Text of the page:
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Klamath Farmers Look For Compensation For 16-Year-Old Irrigation Cuts

<p>Water shortages in the Klamath Basin have caused tensions for decades.</p>

Jes Burns, OPB/EarthFix


Water shortages in the Klamath Basin have caused tensions for decades.

Irrigators from Southern Oregon and Northern California are in federal court this week. They’re arguing the U.S. government owes them millions of dollars in compensation for water shut-offs 16 years ago.

A major drought in 2001 made water in the Klamath Basin scarce. Federal regulators cut off irrigation to hundreds of farms to ensure there was enough water in the rivers for endangered salmon and other fish.

The farmers say the irrigation water is property that was taken without compensation. This is prohibited by Constitution’s 5th Amendment.

“The issue is the fundamental issue of who owns the water and how does that water get used when there’s an over-appropriated situation like we have in the Klamath," says Glen Spain with the Pacific Coast Federation of Fishermen’s Associations.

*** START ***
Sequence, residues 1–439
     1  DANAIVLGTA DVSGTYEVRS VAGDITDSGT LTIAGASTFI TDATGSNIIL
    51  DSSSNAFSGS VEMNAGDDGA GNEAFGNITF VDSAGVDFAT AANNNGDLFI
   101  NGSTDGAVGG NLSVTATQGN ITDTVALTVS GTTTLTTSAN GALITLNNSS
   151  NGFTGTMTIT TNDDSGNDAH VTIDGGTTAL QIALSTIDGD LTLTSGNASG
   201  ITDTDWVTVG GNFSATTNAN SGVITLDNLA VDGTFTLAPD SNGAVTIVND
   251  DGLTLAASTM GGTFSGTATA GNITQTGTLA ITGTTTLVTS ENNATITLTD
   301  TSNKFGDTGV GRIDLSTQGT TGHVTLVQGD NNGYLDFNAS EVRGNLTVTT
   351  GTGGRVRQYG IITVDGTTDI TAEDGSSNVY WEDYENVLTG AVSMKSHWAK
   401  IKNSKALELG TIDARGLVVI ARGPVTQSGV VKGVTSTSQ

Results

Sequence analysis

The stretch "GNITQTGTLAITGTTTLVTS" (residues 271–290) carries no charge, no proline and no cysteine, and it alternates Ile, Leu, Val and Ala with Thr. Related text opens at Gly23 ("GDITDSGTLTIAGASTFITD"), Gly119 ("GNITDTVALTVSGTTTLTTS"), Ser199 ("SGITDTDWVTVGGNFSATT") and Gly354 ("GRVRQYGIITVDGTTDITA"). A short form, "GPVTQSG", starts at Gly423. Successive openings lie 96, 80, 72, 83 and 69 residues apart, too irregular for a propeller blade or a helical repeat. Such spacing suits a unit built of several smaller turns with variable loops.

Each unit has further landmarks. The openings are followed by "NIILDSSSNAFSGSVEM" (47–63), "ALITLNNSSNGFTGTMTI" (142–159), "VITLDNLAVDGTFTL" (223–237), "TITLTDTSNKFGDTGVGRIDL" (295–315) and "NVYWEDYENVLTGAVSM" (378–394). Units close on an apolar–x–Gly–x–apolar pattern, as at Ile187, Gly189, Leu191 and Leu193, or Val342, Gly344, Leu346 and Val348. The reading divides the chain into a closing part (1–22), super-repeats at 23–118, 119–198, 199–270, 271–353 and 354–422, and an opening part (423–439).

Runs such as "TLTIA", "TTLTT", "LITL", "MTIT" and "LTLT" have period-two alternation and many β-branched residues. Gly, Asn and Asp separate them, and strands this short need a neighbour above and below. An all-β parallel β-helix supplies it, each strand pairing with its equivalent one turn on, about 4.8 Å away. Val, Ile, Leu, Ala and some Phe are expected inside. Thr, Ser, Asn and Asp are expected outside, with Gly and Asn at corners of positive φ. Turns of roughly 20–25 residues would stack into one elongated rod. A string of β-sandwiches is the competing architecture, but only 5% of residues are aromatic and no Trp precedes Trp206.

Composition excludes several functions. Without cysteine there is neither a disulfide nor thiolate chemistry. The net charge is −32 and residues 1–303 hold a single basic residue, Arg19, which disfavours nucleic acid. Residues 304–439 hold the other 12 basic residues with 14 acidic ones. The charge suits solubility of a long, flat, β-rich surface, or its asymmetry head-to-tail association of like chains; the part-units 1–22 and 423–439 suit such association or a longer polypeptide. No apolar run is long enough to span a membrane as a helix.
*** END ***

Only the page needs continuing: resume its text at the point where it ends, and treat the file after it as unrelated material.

Spain's organization has intervened against the irrigators in the case. He says salmon have rights to the water as well.

The case is being heard in the . A ruling in favor of the irrigators could make it much more expensive for the federal government to protect Pacific Coast salmon runs.

Copyright 2020 EarthFix. To see more, visit .

Jes Burns is a reporter for OPB's Science & Environment unit. Jes has a degree in English literature from Duke University and a master's degree from the University of Oregon's School of Journalism and Communications.